Full Professor of Psychiatry, Iran
*Corresponding author:Shafti SS, University of Social Welfare and Rehabilitation Sciences (USWR), Razi Psychiatric Hospital, P.O. Box 18735-569, Tehran, Iran
Submission: September 04, 2019;Published: September 11, 2019
Introduction: Neuroleptic malignant syndrome (NMS) is a life-threatening complication that can occur anytime during antipsychotic treatment. In the present assessment the incidence and clinical profile of NMS have been probed among a sample of non-western psychiatric inpatients and compared with the available data in literature regarding prevalence and other associated clinical physiognomies.
Methods: As a retrospective, record based evaluation, all cases that had been diagnosed absolutely as NMS during the last sixty-two months, after ruling out other imaginable differential diagnosis, like encephalitis, meningitis and serotonin syndrome, had been included in the present investigation. Clinical diagnosis, as well, was based on Diagnostic and Statistical Manual of Mental Disorders, 5th edition (DSM- 5). Appraisal of independent variables had been analyzed by means of Compression of proportions. Statistical significance as well, had been defined as p value≤0.05.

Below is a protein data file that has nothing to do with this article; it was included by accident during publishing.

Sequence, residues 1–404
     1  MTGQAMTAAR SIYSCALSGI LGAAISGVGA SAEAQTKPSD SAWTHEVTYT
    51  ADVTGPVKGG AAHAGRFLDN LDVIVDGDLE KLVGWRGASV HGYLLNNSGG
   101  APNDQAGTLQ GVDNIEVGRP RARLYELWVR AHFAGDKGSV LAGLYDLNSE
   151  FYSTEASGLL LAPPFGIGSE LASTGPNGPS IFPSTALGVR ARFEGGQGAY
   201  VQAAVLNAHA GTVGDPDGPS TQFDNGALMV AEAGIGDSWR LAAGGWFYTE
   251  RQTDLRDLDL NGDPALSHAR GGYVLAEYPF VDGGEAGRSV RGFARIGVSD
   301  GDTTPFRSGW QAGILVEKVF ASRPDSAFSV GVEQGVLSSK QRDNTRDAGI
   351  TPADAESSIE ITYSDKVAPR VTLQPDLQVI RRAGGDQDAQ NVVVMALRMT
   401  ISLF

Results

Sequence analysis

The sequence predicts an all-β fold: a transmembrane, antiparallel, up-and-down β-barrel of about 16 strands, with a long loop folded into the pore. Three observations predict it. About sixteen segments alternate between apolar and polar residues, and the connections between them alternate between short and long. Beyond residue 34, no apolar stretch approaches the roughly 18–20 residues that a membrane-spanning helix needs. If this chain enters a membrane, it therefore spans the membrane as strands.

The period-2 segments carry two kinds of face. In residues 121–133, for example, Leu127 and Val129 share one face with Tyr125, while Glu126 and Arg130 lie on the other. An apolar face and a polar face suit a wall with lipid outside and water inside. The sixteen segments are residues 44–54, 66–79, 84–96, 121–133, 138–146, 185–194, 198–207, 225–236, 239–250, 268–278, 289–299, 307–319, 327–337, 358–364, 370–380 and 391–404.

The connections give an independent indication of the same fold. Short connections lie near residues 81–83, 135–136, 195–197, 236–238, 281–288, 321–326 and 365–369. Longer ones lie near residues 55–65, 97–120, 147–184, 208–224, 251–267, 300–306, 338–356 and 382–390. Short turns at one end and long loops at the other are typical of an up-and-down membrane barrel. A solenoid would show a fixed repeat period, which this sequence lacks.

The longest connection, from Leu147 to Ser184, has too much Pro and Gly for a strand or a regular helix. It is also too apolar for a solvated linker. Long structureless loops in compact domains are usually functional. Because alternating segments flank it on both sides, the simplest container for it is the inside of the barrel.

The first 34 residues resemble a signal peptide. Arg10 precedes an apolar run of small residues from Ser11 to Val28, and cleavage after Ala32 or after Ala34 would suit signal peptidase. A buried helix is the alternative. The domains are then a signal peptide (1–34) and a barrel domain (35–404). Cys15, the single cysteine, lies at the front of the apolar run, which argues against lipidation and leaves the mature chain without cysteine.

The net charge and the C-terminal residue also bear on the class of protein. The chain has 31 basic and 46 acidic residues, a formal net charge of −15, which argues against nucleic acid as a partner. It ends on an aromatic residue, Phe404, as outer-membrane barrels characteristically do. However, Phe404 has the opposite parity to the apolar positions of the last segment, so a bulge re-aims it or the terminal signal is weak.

Results: Among 19814 psychiatric patients hospitalized in razi psychiatric hospital, during a sixty-two months’ period (April of 2013-August 2018), eighteen cases (N=18) had been referred to Intensive Care Unit (ICU) with diagnosis of NMS. The most prevalent symptom was fever, which was present in 100% of cases and was significantly more frequent in comparison with. No significant difference was evident between the remaining symptoms as regards incidence. Also, there was not any significant difference between the first generation versus second generation antipsychotics. NMS was significantly more prevalent among patients suffering from schizophrenia, and amongst male patients. Similarly, it was significantly more widespread amid 18-65 years old age-group, especially age group of 30-39. Fatality was limited to only one patient.
Conclusion: While no significant difference was evident between first generation as opposed to second generation antipsychotics, NMS was significantly more prevalent among young and male patients suffering from schizophrenia.
Keywords: Neuroleptic malignant syndrome; Typical antipsychotic; Atypical antipsychotic; Schizophrenia